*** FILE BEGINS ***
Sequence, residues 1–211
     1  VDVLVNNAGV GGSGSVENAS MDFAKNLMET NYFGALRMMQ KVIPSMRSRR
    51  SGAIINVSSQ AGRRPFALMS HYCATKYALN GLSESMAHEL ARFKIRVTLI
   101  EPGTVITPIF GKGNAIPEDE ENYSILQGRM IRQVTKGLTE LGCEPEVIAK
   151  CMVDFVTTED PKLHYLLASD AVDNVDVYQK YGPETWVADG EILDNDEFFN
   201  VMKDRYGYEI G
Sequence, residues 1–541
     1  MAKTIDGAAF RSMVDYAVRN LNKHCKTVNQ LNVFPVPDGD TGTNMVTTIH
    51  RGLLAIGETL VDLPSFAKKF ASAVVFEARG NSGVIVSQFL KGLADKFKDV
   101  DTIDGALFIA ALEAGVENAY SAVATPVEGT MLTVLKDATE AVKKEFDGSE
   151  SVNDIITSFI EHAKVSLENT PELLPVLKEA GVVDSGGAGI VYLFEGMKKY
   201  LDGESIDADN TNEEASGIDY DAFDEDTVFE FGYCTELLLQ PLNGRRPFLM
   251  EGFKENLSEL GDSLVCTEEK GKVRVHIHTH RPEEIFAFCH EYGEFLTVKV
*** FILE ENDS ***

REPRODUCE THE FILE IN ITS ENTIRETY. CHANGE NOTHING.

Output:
Sequence, residues 1–211
     1  VDVLVNNAGV GGSGSVENAS MDFAKNLMET NYFGALRMMQ KVIPSMRSRR
    51  SGAIINVSSQ AGRRPFALMS HYCATKYALN GLSESMAHEL ARFKIRVTLI
   101  EPGTVITPIF GKGNAIPEDE ENYSILQGRM IRQVTKGLTE LGCEPEVIAK
   151  CMVDFVTTED PKLHYLLASD AVDNVDVYQK YGPETWVADG EILDNDEFFN
   201  VMKDRYGYEI G
Sequence, residues 1–541
     1  MAKTIDGAAF RSMVDYAVRN LNKHCKTVNQ LNVFPVPDGD TGTNMVTTIH
    51  RGLLAIGETL VDLPSFAKKF ASAVVFEARG NSGVIVSQFL KGLADKFKDV
   101  DTIDGALFIA ALEAGVENAY SAVATPVEGT MLTVLKDATE AVKKEFDGSE
   151  SVNDIITSFI EHAKVSLENT PELLPVLKEA GVVDSGGAGI VYLFEGMKKY
   201  LDGESIDADN TNEEASGIDY DAFDEDTVFE FGYCTELLLQ PLNGRRPFLM
   251  EGFKENLSEL GDSLVCTEEK GKVRVHIHTH RPEEIFAFCH EYGEFLTVKV